And now, for their next trick: a sequel!

Now You See Me didn’t go over great with critics (although I was a mild fan), but the movie made audiences’ money disappear faster than the Statue of Liberty when David Copperfield’s around. The film made $117 million in the United States and another $234 million overseas; both impressive numbers for a franchise about a bunch of criminally minded magicians that wasn’t based on any kind of existing source material. Now you will see a sequel, which is unfortunately not called Now You Still See Me or Now You See Me Again or even Now 2 See Me. Instead it’s just plain old Now You See Me 2. (Curiously, the project was originally announced as Now You See Me: The Second Act, but the subtitle’s apparently been dropped.)

The strength of the first movie was its great cast: Jesse Eisenberg, Isla Fisher, Morgan Freeman, Woody Harrelson, Mark Ruffalo, Dave Franco, and Michael Caine. From that bunch, only Fisher disappeared in the interim (she was pregnant at the time of shooting and thus unavailable); she’s been replaced in the “Four Horsemen” of magicians by Lizzy Caplan. The other big addition is former wizard Daniel Radcliffe. In the trailer he looks like a total Muggle, which is a cute joke.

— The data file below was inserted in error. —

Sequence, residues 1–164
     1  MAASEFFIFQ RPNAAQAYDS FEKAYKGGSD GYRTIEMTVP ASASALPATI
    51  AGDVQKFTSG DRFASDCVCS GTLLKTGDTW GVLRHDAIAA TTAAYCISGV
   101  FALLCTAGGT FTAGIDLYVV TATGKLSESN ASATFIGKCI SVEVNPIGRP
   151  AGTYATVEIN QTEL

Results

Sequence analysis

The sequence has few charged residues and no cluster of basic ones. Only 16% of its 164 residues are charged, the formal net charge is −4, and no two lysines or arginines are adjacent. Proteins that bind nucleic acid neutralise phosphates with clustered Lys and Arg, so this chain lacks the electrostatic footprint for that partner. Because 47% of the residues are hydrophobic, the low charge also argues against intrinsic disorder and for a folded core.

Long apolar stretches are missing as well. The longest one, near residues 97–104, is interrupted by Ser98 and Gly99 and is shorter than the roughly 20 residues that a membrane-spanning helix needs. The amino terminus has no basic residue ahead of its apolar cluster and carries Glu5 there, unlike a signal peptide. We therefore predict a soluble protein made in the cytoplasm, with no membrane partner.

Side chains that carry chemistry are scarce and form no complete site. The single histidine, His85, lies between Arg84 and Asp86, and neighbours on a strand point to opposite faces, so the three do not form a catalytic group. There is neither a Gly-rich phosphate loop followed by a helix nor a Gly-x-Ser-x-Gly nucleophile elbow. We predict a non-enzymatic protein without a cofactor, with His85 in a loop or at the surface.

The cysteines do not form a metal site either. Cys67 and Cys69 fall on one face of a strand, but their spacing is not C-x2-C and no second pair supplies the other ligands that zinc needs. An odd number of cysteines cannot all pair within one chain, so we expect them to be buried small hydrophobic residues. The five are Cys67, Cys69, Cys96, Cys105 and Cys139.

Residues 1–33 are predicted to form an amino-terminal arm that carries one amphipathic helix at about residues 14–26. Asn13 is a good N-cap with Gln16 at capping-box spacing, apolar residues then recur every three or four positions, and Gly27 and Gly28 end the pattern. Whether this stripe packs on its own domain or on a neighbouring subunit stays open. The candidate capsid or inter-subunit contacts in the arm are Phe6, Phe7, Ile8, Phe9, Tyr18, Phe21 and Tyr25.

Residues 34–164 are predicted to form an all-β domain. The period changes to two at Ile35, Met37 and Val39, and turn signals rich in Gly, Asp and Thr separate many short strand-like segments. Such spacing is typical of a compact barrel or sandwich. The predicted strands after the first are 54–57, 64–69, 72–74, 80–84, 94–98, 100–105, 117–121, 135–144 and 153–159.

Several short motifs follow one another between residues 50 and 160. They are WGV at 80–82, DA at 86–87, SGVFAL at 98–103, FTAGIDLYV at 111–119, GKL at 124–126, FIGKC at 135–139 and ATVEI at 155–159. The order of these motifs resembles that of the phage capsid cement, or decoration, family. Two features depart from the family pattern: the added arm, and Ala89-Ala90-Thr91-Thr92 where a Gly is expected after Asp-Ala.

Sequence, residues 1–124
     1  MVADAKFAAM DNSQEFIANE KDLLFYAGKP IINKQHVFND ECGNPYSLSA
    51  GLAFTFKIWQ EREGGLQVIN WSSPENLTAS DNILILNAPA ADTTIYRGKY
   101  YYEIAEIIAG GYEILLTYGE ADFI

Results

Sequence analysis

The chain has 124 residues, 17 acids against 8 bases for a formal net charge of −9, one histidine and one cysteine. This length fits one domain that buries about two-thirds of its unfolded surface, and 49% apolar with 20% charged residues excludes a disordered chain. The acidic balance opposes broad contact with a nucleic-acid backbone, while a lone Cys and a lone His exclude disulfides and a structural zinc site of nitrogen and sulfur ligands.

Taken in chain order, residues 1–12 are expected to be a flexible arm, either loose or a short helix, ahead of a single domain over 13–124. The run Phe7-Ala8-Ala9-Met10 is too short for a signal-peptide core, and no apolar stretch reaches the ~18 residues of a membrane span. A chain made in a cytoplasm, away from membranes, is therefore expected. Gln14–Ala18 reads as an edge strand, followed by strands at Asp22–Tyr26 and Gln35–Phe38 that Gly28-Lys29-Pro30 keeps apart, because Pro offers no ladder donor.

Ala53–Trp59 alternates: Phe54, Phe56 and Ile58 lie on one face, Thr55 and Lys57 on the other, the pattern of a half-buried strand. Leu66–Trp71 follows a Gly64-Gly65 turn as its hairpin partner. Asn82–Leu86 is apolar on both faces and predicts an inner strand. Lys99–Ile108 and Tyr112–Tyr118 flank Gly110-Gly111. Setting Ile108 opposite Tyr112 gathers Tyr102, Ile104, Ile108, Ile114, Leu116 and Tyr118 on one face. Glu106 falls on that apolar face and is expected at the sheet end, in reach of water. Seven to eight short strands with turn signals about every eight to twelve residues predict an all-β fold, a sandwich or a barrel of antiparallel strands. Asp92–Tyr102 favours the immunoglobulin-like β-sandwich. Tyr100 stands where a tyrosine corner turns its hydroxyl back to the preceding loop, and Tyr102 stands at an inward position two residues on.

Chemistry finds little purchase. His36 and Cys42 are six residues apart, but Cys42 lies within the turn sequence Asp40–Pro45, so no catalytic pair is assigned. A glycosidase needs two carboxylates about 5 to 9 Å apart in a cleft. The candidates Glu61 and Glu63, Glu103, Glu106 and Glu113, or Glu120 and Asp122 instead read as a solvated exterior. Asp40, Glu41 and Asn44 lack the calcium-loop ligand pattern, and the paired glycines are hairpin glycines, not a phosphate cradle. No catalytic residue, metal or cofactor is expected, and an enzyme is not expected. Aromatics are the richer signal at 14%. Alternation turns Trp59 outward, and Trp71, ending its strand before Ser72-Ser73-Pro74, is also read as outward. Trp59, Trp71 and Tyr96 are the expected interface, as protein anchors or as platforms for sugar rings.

Here’s the plot summary:

The Four Horsemen [Jesse Eisenberg, Woody Harrelson, Dave Franco, Lizzy Caplan] return for a second mind-bending adventure, elevating the limits of stage illusion to new heights and taking them around the globe. One year after outwitting the FBI and winning the public’s adulation with their Robin Hood-style magic spectacles, the illusionists resurface for a comeback performance in hopes of exposing the unethical practices of a tech magnate. The man behind their vanishing act is none other than Walter Mabry [Daniel Radcliffe], a tech prodigy who threatens the Horsemen into pulling off their most impossible heist yet. Their only hope is to perform one last unprecedented stunt to clear their names and reveal the mastermind behind it all.

Magic is never all that interesting in movies (because movies are magic tricks themselves, and they make it awfully easy to fake illusions), but there was enough chemistry between the actors and enough liveliness to the story to make the first Now You See Me a reasonable success. Am I dying to see another one? No. Would I watch another one if it showed up on basic cable on 2PM on a Saturday afternoon? Yes. Before that happens, though, Now You See Me 2 must first open in theaters. That takes place on June 10, 2016.

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